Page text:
Missy – I don’t know, but they do. Scarier is that agents submit them. I have had investors send me their contracts and I tell them I must use the board approved forms.

  8. Barry Cunningham

    June 12, 2009 at 12:13 am

    This post gets the big HUH??? from me. In some of these comments, it is clear why so many short sales don’t successfully close.

    I would expect a much higher game from agents of this caliber. Sooner or later the “agentry” will realize that they may control the ignorant Seller, but they don’t control the market.

    One of the reasons that so many agents don’t hear back from prospective buyers, can be found by simply reading this post and its comments.

    When i buy property, I demand it’s on my contract (yes I use board contracts a lot of the time)…I use my closing agent, I handle short sale negotiations and I’ll let the agent know when they will get their commission wired to them

    If somebody balks…gives me any gruff..they’re done! Too many deals out there to deal with BS.

    Oh by the way…I have stated it MANY times here and elsewhere..I NEVER go to a house and see it before I buy it..ABSOLUTELY NEVER.

    Trust me I can tell a deal by the numbers and my due diligence from my computer and my inspector handles the review of the property very thoroughly.

    Here’s a hint..most savvy investors don’t have to see a property before they pull the trigger on an offer. And I’m not even talking the one sin my backyard.

    Most of us are able to get a decent numbe ron any property in the Country and as long as their is a right of inspection (mandatory) then why would I ever leave my cushy oceanview, airconditioning office?

    C’mon will be 2010 soon. This thread is so 1980’s it’s not even funny! What are you going to say next, I need to put down 20%…yeah ok! Get real.

  9. Russell Shaw

    June 12, 2009 at 2:59 am

    In our state – and I believe it is true in most states – all offers must be presented, but all contracts must be in writing.

    It makes no difference if the buyer has seen the property. Anyone is free to send in (or call in verbally, for that matter) any offer on any property, in any manner they like. Now, how we present that offer to our seller is going to match the “quality of the offer”. Verbal offer = verbal presentation. Not on the standard contract, then that will be part of the counter. Shotgun low offer, then presented verbally with a strong recommendation to simply decline.

    In short, we represent our seller and do what is in their best interests. I am not interested in nor do I care about, “this is how the buyer wants it” unless that is what is best for our seller.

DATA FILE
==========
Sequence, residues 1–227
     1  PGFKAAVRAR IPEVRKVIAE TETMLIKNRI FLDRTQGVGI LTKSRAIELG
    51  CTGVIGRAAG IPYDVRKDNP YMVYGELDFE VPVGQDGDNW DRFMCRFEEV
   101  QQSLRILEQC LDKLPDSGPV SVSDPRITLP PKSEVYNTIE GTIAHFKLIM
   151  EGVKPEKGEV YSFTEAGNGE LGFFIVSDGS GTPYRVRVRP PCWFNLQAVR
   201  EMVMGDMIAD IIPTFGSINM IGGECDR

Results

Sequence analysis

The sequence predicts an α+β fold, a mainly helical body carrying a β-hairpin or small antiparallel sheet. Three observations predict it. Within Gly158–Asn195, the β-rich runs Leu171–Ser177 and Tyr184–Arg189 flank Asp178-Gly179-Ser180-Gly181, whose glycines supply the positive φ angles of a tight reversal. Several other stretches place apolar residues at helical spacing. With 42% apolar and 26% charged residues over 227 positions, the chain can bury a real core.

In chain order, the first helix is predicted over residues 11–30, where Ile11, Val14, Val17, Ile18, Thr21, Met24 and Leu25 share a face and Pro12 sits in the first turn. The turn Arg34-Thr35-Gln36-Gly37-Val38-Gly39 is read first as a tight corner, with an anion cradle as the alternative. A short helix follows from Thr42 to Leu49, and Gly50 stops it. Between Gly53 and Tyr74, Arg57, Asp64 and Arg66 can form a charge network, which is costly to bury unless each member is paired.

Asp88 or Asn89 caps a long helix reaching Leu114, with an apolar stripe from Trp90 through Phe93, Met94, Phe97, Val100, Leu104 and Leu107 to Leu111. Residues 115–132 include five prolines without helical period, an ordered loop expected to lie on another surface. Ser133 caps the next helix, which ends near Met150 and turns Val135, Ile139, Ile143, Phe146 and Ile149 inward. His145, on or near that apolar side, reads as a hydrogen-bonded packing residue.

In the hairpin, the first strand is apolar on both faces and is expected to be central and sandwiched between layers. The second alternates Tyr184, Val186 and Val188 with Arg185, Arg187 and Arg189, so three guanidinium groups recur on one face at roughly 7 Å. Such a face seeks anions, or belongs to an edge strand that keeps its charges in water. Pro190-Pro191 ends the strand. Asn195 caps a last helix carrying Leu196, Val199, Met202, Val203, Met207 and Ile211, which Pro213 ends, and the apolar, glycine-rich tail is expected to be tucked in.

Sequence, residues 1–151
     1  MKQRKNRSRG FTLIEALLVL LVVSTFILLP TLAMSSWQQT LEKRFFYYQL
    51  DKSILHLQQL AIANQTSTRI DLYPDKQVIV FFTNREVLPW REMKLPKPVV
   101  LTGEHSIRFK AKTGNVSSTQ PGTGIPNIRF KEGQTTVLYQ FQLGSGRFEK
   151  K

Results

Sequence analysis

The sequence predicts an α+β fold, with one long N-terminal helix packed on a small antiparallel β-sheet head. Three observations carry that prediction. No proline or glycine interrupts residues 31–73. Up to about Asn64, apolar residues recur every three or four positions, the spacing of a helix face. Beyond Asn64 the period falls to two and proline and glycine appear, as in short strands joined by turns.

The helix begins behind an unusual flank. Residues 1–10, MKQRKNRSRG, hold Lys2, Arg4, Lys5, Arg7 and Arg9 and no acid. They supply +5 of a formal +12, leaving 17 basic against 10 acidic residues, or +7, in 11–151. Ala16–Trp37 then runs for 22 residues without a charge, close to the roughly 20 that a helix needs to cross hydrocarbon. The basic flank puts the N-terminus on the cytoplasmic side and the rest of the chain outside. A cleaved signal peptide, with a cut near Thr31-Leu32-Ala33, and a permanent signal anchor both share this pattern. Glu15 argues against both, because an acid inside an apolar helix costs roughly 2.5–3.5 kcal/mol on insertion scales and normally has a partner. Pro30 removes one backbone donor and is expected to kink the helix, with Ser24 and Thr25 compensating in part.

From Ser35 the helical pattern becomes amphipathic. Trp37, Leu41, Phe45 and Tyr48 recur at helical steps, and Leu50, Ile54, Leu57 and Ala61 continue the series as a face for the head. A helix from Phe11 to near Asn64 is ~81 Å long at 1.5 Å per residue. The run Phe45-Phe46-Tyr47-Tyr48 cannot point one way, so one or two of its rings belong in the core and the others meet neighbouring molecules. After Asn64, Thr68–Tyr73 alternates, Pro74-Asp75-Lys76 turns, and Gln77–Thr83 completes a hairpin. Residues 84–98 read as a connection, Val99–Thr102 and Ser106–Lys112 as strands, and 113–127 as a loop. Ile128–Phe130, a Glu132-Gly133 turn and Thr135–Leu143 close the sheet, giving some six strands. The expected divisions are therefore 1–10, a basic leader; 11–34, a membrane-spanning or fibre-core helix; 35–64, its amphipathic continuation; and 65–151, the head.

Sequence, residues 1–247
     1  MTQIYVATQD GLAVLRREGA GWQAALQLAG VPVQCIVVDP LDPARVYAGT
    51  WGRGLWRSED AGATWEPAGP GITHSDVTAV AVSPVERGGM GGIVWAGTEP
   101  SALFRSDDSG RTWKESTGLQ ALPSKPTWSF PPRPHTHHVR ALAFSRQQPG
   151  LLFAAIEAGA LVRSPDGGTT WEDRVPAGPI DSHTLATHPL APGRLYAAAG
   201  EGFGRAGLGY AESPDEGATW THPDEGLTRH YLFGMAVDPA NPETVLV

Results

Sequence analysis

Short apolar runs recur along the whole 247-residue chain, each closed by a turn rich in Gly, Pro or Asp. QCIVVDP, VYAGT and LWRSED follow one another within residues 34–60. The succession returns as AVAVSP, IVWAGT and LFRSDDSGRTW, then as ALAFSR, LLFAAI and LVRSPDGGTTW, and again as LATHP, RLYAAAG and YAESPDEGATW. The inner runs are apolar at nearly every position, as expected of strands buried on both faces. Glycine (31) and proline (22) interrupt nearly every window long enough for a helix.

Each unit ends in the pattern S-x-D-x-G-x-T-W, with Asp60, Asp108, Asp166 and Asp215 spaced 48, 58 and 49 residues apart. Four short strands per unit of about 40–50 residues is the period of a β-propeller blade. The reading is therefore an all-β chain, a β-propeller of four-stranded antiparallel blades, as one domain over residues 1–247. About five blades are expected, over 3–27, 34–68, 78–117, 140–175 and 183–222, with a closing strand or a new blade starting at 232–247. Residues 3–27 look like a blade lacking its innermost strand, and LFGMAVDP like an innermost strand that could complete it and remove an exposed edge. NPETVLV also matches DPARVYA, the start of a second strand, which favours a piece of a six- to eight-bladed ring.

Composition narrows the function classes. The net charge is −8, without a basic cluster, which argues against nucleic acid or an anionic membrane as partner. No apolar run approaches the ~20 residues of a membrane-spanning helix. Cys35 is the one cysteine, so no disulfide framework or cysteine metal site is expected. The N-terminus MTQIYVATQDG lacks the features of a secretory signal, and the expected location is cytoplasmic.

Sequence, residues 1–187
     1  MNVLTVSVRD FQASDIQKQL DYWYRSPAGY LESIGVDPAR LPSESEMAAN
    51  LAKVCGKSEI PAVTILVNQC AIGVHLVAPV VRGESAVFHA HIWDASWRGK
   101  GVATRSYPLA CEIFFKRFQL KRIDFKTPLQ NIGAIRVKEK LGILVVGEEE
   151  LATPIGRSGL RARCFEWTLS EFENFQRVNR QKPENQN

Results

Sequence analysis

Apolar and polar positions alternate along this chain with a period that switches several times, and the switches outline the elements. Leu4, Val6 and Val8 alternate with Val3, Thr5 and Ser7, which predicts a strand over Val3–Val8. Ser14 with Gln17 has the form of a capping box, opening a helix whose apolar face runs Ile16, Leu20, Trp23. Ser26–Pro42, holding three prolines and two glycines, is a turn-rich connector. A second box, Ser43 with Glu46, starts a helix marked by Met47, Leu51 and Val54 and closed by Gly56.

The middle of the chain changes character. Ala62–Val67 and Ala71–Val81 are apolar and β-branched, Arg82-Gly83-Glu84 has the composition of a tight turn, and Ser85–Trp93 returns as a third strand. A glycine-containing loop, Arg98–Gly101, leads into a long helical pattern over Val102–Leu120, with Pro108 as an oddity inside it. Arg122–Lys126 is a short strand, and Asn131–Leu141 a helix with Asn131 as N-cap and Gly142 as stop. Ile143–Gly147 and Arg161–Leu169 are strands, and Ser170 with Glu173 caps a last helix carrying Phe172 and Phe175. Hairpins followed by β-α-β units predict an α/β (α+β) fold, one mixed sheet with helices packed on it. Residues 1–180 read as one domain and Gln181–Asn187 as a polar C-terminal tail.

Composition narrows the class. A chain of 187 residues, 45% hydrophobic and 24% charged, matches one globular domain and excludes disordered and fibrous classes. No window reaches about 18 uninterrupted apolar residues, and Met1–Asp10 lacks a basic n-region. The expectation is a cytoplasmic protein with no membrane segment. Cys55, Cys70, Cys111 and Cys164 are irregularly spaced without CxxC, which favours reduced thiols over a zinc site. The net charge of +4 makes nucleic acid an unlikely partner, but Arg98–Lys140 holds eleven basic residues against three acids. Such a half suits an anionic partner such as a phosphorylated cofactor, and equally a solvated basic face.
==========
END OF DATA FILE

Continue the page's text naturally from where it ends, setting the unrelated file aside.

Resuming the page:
10. Paula Henry

    June 12, 2009 at 7:03 am

    Barry – I’m talking about agents submitting an offer on an outdated mandatory form. There are reasons the form has changed, which benefits both the buyer and the seller.

    I require the short sale addendum, because it offers specific information about the short sale process and dates for the lending institution to reply, seperate from the contract, which states the date the seller must reply.

    I do present offers to my seller, but if you want a chance to have the offer looked at by the bank – then the package must be complete with all signatures.

    I beleive they even required signatures in 1980.

  11. Paula Henry

    June 12, 2009 at 7:16 am

    Russell – I do present all offers to my seller, however incomplete, but I can not submit it to the bank without the required documents and signatures.

    One bank told me the contract was void becasue the date had expired. then I directed her to the Short Sale Addendum, which provides the date the lender has to respond.

    My goal is to represent my sellers best interest and when all signature and documentation are correct, we have a much better chance of closing.

    I also don’t care if the buyer has seen the property; I just personally don’t write offers on properties I haven’t seen – I know what some of these homes look like:)

  12. Danilo Bogdanovic

    June 12, 2009 at 7:49 am

    Paula made a very good point about offers and banks – for a bank to consider an offer (whether a short-sale or REO), it must be in writing and it must use all of the proper forms for the jurisdiction the property is located in.

  13. Barry Cunningham

    June 12, 2009 at 8:14 am

    Paula I don’t know who it is you deal with and perhaps they don’t have a clue. So perhaps it’s a matter of bad judgment on their part. All of our offers are on board contracts, are signed, and contain OUR addendum which was prepared by our attorney which covers what needs to be addressed in a short sale.